DAY 24 – Call me Ishmael

January 27th, 2013 § 0 comments

Ethics, humans and fish; prompted by Hugh Fearnley-Whittingstall’s revelation on a brief TV interview that he’d studied philosophy at Oxford; and that this had influenced his view on responsible sourcing.

Jonah and the whale (still reading!)

Really, Hugh? Was it from Aristotle, Kant – or even Levinas, today’s postmodern ethics man, that you learned to treat moules as ends rather than means? I’ve read you on how to deal with live scallops (Guardian, a week ago: ‘Using a flexible, long-bladed knife, cut between the muscle of each scallop and the inside of the flat half of the shell, so releasing the meat and causing the shell to open’); there seems to be a hierarchy of rights operating here. Naw, brother, if you want the true word on the rights of fishes, go to the Good Book. As Jesus said when hassled by the Galilean semioticians, ‘An evil and adulterous generation seeketh after a sign; and there shall no sign be given to it, but the sign of the prophet Jonah’ (Matthew 12.39, if you want to know.) Jonah refused the Lord’s order to preach to the Ninevites; as goyim, he thought they didn’t deserve to be saved. So the Lord reversed his place in the food chain, serving him up as responsibly sourced fish food. Once safely out of the fish, Jonah had learned to treat both it and the Ninevites, some sort of Iraqis, one supposes, with respect. A warning to the carefree celebrity chef? ‘I will make you fishers of men’ said Jesus, further confusing the question of species boundaries.

Which are marked – more in the domain of unknown and useless facts – by a ‘species barcode’. It seems that, since Watson and Crick, and Wilkins, and Franklin and all, reduced the infinite variability of Nature to an ‘alphabet’ of four letters, (digitizing what we had all thought was an analog world, right?), there has been a further search for the bit of the gigantic DNA ‘sentence’ which tells us which species we’re in. And I gather from Wikipedia, since I can’t be bothered to seek further, that a mere 658-base-pair region in the double helix called the (COI) gene was proposed as a potential ‘barcode’. So next time you find an unknown weed in your garden, or varmint on your back porch (there seems to be some evidence that my missing copy of To Kill a Mockingbird has indeed turned up, from the folksy southern speech), jist run its COI gene through your scanner. You can tell the fish from the folk.

Casting our nets wider, informationwise, I should have known better than to ask (last post) questions to which the US  Army knows the answer; since the danger is, they may tell you. If, like me, you want to know the file formats appropriate for any old kind of biometric data – fingerprints, iris scans, DNA, you name it. Take a peek, if you have time, at the American National Standard: ‘Data Format for the Interchange of Fingerprint, Facial & Other Biometric Information’, 440 pages of rules on how you should arrange your files. From this you can work out the answer to my question on how many Kb there are in a fingerprint, if you want; I’m off to see if there are any snowdrops coming up.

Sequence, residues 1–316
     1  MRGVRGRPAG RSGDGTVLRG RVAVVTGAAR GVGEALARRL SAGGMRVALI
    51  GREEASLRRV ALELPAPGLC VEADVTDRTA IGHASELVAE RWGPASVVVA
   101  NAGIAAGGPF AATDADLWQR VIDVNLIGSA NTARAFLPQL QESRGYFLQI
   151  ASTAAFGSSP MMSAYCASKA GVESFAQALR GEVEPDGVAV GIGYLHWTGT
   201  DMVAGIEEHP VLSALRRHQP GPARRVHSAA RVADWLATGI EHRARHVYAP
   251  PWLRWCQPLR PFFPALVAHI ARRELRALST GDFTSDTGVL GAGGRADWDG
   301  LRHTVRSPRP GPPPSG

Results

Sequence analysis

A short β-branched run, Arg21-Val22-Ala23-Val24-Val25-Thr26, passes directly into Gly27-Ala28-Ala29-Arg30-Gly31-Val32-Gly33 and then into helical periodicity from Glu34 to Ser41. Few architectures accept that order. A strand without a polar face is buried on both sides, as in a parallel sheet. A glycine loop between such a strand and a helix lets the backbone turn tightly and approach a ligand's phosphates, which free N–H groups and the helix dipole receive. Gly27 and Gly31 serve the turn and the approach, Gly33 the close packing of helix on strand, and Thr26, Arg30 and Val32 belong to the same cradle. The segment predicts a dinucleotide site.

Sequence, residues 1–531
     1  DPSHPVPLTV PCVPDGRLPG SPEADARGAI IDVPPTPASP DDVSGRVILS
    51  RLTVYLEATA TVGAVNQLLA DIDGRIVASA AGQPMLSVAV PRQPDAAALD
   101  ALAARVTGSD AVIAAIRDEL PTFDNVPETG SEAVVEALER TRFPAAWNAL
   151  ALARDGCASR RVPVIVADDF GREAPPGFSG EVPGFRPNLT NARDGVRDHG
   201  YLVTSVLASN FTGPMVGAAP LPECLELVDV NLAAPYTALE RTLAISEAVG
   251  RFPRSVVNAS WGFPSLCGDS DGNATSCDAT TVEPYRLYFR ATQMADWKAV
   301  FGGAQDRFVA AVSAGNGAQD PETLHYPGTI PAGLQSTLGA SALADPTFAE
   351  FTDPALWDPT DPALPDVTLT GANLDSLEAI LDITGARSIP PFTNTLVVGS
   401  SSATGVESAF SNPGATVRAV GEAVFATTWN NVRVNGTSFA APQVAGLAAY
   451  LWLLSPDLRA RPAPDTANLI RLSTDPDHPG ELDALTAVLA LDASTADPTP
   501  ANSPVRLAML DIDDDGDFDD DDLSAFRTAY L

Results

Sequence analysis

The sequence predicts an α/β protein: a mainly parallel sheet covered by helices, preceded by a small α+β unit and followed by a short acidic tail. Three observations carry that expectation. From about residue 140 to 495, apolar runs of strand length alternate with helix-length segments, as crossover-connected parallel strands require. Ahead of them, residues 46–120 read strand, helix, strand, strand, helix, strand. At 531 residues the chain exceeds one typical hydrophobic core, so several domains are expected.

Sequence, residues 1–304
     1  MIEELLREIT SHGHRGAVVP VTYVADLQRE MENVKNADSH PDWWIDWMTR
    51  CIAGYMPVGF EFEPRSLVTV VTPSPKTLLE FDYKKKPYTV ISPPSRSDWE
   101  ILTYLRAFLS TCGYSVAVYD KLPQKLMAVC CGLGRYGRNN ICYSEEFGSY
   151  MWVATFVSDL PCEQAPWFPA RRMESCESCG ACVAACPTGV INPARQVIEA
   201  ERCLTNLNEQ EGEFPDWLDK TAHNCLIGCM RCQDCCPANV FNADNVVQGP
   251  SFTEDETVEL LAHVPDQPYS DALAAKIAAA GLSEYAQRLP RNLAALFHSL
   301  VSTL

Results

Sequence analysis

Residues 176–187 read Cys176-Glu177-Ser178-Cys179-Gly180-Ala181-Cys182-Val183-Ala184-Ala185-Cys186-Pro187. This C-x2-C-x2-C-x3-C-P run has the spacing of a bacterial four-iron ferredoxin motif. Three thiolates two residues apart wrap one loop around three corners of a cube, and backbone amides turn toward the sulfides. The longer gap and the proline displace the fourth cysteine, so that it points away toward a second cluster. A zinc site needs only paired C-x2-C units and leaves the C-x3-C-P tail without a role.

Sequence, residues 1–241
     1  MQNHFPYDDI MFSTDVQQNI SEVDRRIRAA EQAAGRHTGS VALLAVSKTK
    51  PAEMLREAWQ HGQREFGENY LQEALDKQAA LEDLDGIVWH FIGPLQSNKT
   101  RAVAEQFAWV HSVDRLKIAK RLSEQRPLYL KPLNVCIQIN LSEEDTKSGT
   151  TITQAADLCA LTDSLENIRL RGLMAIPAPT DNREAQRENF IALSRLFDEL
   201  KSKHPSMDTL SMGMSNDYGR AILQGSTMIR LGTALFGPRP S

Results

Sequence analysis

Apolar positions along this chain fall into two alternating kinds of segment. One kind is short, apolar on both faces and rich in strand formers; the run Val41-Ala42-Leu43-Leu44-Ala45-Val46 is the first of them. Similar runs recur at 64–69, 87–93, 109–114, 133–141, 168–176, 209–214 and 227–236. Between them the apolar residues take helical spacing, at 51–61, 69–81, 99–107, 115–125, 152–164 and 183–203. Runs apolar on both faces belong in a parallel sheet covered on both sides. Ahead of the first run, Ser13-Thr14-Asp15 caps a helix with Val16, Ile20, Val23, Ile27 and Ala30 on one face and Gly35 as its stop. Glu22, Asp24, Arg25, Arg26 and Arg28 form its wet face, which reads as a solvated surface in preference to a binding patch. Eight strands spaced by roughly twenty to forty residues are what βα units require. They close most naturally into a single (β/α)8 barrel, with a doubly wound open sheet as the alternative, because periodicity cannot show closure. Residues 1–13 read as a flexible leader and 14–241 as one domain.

But I did learn, as you probably guessed, that a scan isn’t a round picture of your eye; it’s something called an ‘iriscode’, a collection of pixels in a rectangle. And – of which more some other time, maybe – that this leaves plenty of room for errors, hacks, and general skulduggery.

Screen shot 2013-01-21 at 23.15.09



Meanwhile, it seems that a young man claiming to be a prince has been in Afghanistan flying an Apache gunship and shooting a number of brown people who he claimed were Taliban leaders.

Given the number of frogs around who masquerade as princes, and the dreadful record of Apache helicopters in friendly fire and shooting unarmed civilians, we’re cautious abut this news item until we can verify its accuracy.


My mother’s kitchen – Choman Hardi, Kurdish woman poet and exile

I will inherit my mother’s kitchen,
her glasses, some tall and lean others short and fat
her plates, an ugly collection from various sets,
cups bought in a rush on different occasions
rusty pots she doesn’t throw away.
“Don’t buy anything just yet”, she says,
“soon all of this will be yours”.

My mother is planning another escape
for the first time home is her destination,
the rebuilt house which she will furnish.
At 69 she is excited about starting from a scratch.
It is her ninth time.

She never talks about her lost furniture
when she kept leaving her homes behind.
She never feels regret for things
only her vine in the front garden
which spread over the trellis on the porch.
She used to sing for the grapes to ripen,
sew cotton bags to protect them from the bees.
I will never inherit my mother’s trees.

I illustrated post number 2 with a picture of Cecil Taylor, and ever since then I’ve been feeling I owe you some of the maestro’s music. Here he is playing at Perugia in 2009 (on 3 hours’ sleep allegedly). As one comment says – what’s on the piece of paper, which he never turns?


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